Fig. 3. Reproduction success of morphologically similar and morphologically different parent pairs of E. octoculata expressed as different demographic parameters with SD. * denotes significant difference for ‘within forms’ vs ‘between forms’ comparison (Wilcoxon’s test).

Analysis of DNA sequences

If there were reproductive barriers between morphological forms, we would expect these to be reflected in fixed differences between these sequences. No repeatable differences in COI and ITS sequences between morphological forms of E. octoculata were found. The lack of polymorphism in these regions clearly shows that no reproductive barriers between morphological forms exist. The results of the analysis of genetic similarity with AP-PCR suggest that diversity is strongly related to geographical distance among populations: individuals collected in the same water body are more similar one to another than to individuals collected in other water bodies (Fig. 4). Individuals most similar in terms of AP-PCR analysis were collected at the nearest sampling sites: the Wadąg lake, Święcek and Wisła rivers. Geographical distance, however, does not explain all differences in mean genetic similarity between individuals collected in compared water-bodies - the best fit regression explaining the relation between geographical distance and UPGMA genetic similarity is described by the exponential equation:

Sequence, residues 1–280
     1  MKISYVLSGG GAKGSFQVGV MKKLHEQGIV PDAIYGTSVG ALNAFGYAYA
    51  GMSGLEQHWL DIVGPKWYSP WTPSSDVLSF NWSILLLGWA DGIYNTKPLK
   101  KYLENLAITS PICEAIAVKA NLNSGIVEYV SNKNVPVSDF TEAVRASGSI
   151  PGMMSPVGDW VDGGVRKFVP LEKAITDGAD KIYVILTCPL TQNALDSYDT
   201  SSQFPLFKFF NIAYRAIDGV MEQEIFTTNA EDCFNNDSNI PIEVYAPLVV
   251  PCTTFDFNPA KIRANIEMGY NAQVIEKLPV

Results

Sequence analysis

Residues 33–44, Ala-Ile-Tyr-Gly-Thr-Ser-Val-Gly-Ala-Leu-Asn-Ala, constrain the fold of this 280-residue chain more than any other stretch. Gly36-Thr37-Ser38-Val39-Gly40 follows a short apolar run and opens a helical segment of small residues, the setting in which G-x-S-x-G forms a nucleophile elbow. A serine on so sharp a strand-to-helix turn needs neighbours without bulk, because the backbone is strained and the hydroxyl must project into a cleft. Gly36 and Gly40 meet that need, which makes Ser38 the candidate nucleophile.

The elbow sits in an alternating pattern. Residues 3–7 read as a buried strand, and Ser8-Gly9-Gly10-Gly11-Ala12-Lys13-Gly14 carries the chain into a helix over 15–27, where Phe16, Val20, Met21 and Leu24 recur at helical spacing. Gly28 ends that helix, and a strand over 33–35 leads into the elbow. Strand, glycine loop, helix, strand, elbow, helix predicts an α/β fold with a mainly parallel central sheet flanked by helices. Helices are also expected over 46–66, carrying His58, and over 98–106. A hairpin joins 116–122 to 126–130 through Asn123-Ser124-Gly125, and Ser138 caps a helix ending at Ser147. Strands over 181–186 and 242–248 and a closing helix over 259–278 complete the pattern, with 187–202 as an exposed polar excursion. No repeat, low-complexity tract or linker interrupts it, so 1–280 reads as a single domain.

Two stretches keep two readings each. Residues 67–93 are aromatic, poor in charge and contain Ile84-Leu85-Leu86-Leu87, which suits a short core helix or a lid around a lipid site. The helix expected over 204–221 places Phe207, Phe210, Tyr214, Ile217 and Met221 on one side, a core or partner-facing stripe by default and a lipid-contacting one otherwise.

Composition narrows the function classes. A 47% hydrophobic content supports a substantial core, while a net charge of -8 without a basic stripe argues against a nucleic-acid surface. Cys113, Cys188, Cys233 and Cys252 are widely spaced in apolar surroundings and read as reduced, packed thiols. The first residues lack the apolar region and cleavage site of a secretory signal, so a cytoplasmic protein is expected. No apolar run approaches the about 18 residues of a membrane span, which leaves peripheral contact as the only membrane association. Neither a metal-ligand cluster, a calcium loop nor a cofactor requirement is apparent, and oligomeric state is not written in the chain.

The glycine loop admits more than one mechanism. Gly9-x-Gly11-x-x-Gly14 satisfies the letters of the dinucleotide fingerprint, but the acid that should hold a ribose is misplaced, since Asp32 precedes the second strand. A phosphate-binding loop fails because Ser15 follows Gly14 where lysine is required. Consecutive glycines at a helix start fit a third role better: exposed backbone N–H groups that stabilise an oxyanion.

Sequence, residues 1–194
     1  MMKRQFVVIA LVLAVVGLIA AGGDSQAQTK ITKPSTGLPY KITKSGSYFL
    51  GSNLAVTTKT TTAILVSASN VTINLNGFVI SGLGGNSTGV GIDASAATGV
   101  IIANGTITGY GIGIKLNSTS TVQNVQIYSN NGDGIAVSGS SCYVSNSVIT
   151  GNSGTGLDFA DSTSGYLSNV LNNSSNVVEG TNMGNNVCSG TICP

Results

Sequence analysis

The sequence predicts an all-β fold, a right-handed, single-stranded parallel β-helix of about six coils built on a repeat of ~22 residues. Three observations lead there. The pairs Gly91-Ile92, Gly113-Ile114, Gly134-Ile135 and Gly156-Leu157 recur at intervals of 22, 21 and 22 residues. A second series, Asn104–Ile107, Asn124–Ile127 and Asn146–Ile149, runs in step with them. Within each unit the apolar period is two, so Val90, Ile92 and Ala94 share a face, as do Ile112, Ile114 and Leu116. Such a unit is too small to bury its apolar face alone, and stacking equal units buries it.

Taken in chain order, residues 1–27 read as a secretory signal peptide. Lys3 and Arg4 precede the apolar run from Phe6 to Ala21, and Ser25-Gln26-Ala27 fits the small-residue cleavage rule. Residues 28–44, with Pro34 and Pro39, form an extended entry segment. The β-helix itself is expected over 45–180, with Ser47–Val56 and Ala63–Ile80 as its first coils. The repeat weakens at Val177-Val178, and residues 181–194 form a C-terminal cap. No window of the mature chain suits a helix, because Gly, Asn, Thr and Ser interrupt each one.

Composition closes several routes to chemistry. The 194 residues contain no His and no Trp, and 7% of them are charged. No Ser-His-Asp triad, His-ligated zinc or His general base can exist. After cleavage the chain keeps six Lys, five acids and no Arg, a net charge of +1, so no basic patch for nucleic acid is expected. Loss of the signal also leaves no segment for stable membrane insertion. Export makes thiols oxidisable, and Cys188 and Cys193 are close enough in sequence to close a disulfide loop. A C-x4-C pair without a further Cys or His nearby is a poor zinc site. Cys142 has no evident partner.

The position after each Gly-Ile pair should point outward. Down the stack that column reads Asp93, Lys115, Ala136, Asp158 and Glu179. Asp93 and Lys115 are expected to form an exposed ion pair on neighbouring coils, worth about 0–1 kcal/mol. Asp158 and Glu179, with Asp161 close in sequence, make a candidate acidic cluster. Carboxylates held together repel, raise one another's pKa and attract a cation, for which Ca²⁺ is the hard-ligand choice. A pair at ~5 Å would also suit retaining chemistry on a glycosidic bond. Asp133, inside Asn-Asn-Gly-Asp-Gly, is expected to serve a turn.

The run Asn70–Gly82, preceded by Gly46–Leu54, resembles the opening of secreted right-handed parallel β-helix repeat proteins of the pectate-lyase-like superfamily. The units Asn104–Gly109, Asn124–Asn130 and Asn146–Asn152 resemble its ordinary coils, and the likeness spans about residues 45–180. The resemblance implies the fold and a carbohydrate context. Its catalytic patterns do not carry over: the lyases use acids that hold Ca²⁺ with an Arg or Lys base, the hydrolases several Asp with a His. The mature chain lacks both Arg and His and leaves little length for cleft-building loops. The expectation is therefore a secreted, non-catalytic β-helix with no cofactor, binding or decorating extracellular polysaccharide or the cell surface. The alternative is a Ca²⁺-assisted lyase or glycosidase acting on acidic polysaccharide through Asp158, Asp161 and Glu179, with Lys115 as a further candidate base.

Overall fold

y = 0.1385 x0.4066 (with relatively weak value of regression coefficient R2 = 0.4012)

where x is geographical distance between sampling sites (in km) and y is UPGMA similarity between a pair of individuals.

FIG2

Fig. 4. Biplot of non-hybrid MDS presenting genetic distance (AP-PCR method) between individuals of E. octoculata differed in terms of morphology (empty circles - light form, grey circles - medium form, black circles - dark form, black squares - very dark form) sampled in various environments (marked by ovals).

It is clearly visible that genetic similarity between individuals is not related to their classification into 5 morphological forms. The genetic distance between individuals compared within particular environments was significantly lower than between those compared between environments at p<0.0001 (Table 4). Contrary to that, genetic distance between individuals compared within particular morphological forms did not differ from those compared between forms. Coefficient of variance calculated for values of genetic distance between individuals compared within particular environments was 5.6 times higher than for those compared between environments, which might be explained by the hypothesis that individuals collected in certain environments (e.g. in the Wisła river) are much more genetically diverse than in the other (e.g. in lake Wadąg).

FIG2

Table 4. Mean genetic distance (AP-PCR method) between groups of individuals differed in terms of morphology and sampled in various environments with SD and coefficient of variance for these groups. Result of comparisons between the genetic distance of analysed groups of individuals with T-test are also added as p values.